Recently, there has been some questions raised about the Greenville County School District’s grading policy. This issue has garnered some media attention, and was an agenda item at February’s Greenville County School Board Committee of the Whole meeting. I have received several questions, and thought it would be helpful to provide some context.
What is the policy? First, this isn’t a new policy. In 2007, the Greenville County School Board approved a grading scale (policy here) which set a grading floor of 61 for Middle Grades. Basically, it defines the LOWEST grade that can be awarded in Middle School grades as a 61- instead of a 0. This floor is designed to allow ample opportunity for a teacher to award a student an F for failing to master a skill, but still provide the student and parents with some opportunities to bring that grade up. This policy was modified in 2007 by the Greenville County School Board- what is being discussed is how Middle Schools have implemented this policy.
So what is new? One of the core philosophies of our district is to allow Principals the authority to create a culture within their schools while following District policies. In 2009, Beck Academy and Blue Ridge Middle School principals, using this 2007 policy as guidance, implemented a version of this grading floor. In 2011 Greenville Middle School did the same. In the course of regularly scheduled principal meetings, these schools shared the successes they were seeing with this policy (including a REDUCTION in students not turning in work and an IMPROVEMENT in passing rates for students). It was decided, by this team of Middle School principals and District administrators, that all our Middle Schools would implement this grading floor effective Fall 2015. This Fall, 11 schools implemented this, 2 more in Spring 2016, and one will in Fall 2016 (again, using a timeline that was appropriate for the Principal and his/her school).
What is the purpose of this? There is a growing discussion about the purpose of grading, is it to demonstrate a student’s level of mastery, or is it to demonstrate compliance. If we believe grades should demonstrate mastery, then giving someone a 0 simply because the project is late, would be an inaccurate grade- because it suggests the student demonstrated a 0% mastery of the skill. This floor of 61 was created to allow teachers the opportunity to still award a failing grade, while giving the student/family the opportunity to work harder to improve this grade.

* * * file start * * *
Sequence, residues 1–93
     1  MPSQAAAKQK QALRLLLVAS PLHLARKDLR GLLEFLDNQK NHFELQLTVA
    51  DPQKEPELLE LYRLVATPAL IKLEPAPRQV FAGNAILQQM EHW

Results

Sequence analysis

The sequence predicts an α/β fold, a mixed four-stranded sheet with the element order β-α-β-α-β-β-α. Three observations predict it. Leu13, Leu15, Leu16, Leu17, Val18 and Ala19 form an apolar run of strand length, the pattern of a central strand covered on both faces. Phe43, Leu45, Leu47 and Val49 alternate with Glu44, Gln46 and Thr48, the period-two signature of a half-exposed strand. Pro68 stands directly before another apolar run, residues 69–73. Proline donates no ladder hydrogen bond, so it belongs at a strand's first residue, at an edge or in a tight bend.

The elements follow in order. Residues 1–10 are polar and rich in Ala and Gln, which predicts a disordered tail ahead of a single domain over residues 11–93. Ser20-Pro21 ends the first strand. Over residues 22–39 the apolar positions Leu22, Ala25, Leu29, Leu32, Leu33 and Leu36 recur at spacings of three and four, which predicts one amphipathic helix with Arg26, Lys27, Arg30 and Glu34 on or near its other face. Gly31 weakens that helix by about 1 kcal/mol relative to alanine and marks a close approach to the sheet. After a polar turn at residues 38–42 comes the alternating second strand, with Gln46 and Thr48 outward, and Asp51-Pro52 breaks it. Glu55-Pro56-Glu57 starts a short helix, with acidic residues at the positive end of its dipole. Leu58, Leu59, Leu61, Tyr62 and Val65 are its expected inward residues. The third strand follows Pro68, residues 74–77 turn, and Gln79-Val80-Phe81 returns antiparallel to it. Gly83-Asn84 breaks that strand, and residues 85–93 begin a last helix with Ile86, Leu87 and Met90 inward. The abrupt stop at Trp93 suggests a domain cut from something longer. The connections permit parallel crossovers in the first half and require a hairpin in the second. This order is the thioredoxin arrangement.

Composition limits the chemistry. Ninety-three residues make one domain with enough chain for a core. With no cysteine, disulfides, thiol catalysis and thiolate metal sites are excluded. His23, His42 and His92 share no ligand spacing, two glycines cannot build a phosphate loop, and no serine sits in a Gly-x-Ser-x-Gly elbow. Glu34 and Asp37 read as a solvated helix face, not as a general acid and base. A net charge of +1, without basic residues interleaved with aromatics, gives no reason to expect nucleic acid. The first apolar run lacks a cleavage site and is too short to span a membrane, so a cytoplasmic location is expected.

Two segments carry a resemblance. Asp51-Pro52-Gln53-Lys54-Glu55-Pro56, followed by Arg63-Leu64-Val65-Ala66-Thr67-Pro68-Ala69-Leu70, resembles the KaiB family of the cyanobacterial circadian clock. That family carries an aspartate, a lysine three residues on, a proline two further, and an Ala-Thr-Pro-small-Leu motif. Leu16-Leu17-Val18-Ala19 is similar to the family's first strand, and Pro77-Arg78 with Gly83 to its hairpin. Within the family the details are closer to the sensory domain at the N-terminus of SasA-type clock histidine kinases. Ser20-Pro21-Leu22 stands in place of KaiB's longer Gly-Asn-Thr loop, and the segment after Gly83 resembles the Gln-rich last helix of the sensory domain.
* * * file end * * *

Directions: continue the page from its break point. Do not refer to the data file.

Think about it this way, if your student were in a class, and scored the following grades: 85, 85, 81, and 0 (for a late project), his average grade would be a 62 (an F). The 0 would bring his grade so far down that he would need a 100 just to get a passing grade for the semester. I don’t know about you, but I would not be motivated to get a 100 in this context.
More importantly- Is that single 0 a better reflection of skill mastery than the combined four higher grades? But, if that teacher had assigned a 61 for the assignment (which is still an F), the average would be a 78- leaving opportunity to work harder on the 5th assignment to move the final grade up to a B.
Is it working? It is too early to tell. However, in Fall 2014 (before this practice was in place), there were 98,000 assignments not handed in, across the district’s Middle School Classes. This Fall, there were 85,000. For me, that is significant. I have requested that breakdown by school, and will update this when I have that information. I am also interested in whether this practice is INCREASING workload for already overstressed teachers.
Isnt this just letting students off the hook? I don’t think so. A 61 is still an F. We are still providing Fs as end of course grades, and students are still in danger of repeating a class that they failed. However, unlike a 0, a 61 is a grade that could be brought up. The real question is this: what is the purpose of a grade? Is it designed to have a measurable reflection of a student’s skill mastery, or is it a punitive solution to handle a behavior (late work)? For me, a 0 reflects the student has learned absolutely nothing, which I would find hard to believe is accurate.
So my kid does his work and gets a 75, and another kid turns his late and gets a 100? Not likely. Again, this practice doesn’t forgive a late or incomplete assignment. You will still likely get a failing grade. It simply says a 0 isnt a fair measure for an assignment. The teachers I spoke to said their tendency was still to award an F because the incomplete or late assignment didn’t meet the requirements of the assignment. But, they also saw that students were more likely to try harder on the work if they knew it would still be accepted late rather than a guaranteed 0.
So what is the problem? In my opinion, this is an implementation problem, not a policy problem. When I spoke with Guidance Counselors, Teachers, and Principals from Middle Schools, I learned that this practice is being implemented in various stages. None of the schools where I spoke with individuals (including Hughes, Greenville, Hillcrest, Fisher, and Riverside Middle Schools) shared concerns with me about the practice, some just said it was “an adjustment” from the way things are being done.